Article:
The recent work of Warthin and Wilson1 has stimulated interest in the question of coincidence of latent syphilis and diabetes. They report that in six necropsies in cases of diabetes, all presented histologic changes of syphilis; in four of them, spirochetes were found in the myocardium, and in one of these cases, in the pancreatic lesions. They also report that the pancreas in forty-one cases of latent syphilis already reported by Warthin2 showed marked changes, and conclude that "latent syphilis" is the chief factor in the production of the form of pancreatitis most frequently associated with diabetes, but that diabetes is not always coincident with severe degrees of this type of pancreatitis.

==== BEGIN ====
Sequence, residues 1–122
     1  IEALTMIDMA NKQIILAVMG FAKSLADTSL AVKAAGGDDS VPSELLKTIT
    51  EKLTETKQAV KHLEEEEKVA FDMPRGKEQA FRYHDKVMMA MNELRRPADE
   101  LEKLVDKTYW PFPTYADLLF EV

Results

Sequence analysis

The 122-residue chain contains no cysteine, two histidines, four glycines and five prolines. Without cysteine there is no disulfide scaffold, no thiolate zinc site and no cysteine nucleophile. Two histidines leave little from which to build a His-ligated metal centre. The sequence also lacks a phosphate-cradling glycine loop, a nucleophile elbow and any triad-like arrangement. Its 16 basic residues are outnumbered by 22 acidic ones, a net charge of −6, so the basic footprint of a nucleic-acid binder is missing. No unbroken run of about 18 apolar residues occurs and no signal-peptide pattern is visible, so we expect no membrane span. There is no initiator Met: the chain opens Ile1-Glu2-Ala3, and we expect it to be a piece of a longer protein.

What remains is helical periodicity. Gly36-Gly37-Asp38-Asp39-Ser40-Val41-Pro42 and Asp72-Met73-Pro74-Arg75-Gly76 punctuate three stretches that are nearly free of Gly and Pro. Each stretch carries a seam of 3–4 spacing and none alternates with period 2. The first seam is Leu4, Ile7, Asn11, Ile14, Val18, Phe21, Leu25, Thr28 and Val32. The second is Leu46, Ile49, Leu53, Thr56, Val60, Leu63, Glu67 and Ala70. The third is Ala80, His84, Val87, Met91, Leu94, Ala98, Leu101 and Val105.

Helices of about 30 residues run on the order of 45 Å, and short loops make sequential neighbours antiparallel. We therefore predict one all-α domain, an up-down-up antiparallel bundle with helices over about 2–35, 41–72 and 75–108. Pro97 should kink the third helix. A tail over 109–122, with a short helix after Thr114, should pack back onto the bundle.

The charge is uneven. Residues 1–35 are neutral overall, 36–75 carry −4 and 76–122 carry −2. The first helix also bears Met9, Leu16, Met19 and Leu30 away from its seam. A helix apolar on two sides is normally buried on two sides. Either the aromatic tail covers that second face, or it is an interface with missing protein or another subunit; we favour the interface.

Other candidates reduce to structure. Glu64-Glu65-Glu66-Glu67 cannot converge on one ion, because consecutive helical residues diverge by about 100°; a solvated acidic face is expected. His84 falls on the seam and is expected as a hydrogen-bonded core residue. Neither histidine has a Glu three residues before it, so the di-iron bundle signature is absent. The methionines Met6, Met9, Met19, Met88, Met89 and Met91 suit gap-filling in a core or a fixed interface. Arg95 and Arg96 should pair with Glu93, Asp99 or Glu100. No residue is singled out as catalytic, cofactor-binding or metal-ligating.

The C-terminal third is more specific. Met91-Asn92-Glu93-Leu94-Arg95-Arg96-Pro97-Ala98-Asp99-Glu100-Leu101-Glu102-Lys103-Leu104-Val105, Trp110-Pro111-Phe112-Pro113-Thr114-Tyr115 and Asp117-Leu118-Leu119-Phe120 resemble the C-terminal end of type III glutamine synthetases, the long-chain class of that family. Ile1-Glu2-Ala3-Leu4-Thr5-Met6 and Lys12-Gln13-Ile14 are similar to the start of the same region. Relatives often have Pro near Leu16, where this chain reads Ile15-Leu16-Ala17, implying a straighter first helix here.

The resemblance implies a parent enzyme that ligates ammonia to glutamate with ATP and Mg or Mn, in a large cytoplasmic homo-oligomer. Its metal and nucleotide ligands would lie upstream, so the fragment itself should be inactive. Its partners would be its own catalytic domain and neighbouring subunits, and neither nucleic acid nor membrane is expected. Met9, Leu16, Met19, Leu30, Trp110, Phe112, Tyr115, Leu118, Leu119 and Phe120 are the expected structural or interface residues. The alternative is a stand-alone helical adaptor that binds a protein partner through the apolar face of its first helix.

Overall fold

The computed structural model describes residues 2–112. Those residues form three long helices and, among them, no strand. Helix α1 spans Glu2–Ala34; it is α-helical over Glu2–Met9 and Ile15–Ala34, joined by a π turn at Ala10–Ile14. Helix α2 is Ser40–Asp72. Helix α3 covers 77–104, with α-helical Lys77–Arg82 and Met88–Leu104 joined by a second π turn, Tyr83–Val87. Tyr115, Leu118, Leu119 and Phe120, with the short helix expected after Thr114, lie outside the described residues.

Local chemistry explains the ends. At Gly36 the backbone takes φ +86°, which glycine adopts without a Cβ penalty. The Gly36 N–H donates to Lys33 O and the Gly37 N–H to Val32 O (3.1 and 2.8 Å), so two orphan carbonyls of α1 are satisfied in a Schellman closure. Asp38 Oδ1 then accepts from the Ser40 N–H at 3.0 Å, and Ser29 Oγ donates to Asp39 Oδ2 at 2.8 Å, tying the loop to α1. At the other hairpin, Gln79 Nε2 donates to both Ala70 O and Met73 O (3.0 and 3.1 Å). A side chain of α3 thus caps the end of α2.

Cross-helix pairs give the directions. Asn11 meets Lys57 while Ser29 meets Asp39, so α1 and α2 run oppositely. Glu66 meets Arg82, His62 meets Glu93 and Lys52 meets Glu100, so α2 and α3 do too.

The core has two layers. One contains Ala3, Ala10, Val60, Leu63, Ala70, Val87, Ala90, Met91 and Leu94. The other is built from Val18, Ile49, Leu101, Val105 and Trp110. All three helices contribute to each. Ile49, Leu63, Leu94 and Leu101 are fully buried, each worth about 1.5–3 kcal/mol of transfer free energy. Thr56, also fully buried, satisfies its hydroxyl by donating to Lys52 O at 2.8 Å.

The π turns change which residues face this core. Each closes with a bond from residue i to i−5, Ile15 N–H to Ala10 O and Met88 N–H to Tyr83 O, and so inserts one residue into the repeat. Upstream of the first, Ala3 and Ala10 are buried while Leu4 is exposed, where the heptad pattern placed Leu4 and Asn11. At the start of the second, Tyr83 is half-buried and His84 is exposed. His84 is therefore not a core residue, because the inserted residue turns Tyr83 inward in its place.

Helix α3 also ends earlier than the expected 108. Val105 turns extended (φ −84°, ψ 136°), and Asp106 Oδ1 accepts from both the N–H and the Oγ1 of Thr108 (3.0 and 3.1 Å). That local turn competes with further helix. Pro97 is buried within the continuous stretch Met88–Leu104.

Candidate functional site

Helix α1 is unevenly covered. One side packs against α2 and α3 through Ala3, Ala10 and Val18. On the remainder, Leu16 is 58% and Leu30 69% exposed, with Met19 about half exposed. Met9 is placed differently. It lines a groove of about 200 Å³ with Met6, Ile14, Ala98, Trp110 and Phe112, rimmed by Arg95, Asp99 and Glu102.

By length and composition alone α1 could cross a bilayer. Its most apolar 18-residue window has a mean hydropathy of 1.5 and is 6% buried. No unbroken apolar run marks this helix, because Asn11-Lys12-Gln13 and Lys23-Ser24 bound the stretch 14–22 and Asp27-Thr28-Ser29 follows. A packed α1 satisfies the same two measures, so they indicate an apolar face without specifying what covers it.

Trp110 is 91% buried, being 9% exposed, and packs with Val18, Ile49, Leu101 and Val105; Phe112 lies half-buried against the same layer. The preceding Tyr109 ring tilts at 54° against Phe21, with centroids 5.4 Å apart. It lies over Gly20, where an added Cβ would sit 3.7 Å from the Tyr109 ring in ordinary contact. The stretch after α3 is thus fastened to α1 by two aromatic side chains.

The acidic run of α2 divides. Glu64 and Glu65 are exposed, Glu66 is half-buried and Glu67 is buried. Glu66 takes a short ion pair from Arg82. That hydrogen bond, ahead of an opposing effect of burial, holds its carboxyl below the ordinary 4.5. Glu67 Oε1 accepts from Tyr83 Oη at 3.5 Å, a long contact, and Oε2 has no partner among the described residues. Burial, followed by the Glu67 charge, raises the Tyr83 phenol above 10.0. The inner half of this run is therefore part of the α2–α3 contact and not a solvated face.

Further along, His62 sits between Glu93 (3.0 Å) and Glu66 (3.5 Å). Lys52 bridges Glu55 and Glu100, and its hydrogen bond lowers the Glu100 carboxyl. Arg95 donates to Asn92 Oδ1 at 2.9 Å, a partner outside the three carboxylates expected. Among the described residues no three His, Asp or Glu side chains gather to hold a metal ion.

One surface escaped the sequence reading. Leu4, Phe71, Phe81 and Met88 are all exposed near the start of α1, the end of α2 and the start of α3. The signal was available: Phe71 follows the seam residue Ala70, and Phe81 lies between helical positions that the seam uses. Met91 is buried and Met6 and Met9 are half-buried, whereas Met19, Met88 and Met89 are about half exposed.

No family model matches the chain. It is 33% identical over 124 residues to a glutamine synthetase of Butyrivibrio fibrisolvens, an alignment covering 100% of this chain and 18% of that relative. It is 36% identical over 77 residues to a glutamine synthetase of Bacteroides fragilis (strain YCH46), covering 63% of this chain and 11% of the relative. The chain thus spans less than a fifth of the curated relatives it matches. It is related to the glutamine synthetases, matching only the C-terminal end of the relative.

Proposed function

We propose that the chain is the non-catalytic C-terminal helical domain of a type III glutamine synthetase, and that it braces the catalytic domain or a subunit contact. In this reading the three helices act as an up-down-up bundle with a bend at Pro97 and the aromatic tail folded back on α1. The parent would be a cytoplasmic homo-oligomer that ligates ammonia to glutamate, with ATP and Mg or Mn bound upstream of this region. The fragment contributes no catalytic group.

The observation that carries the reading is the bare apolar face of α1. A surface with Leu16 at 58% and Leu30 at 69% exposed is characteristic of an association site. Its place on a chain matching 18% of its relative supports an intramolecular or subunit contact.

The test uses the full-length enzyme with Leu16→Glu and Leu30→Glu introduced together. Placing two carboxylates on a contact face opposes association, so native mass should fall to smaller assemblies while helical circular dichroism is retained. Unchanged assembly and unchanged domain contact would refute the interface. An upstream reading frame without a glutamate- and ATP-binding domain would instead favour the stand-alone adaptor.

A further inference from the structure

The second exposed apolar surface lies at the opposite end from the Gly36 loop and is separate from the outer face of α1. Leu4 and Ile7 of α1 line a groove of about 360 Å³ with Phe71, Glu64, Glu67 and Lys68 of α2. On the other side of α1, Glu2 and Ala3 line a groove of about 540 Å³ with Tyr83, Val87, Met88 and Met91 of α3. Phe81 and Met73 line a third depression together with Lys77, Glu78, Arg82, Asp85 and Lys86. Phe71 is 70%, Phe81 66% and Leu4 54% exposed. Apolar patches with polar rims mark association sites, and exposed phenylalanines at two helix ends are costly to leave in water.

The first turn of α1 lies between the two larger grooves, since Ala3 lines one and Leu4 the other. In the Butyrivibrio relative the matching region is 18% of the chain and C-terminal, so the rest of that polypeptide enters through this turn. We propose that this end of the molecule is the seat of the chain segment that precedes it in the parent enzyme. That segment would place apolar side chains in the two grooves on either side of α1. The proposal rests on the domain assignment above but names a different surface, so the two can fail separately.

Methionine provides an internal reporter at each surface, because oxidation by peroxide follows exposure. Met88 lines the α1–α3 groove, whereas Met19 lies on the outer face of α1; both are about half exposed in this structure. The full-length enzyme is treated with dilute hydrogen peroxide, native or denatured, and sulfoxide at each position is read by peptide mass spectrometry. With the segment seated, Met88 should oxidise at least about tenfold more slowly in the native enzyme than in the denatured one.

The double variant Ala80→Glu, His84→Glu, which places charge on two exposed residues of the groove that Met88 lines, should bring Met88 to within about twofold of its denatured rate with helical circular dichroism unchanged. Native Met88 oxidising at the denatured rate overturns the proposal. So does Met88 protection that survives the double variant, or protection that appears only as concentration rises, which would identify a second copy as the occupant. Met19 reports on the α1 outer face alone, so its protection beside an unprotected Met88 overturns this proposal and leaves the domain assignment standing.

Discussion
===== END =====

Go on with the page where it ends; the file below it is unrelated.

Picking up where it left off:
For several years, I have been interested in the possible relationships between clinically demonstrative syphilis and diabetes, and have studied the cases of diabetes encountered in practice in regard to this relationship. The data are presented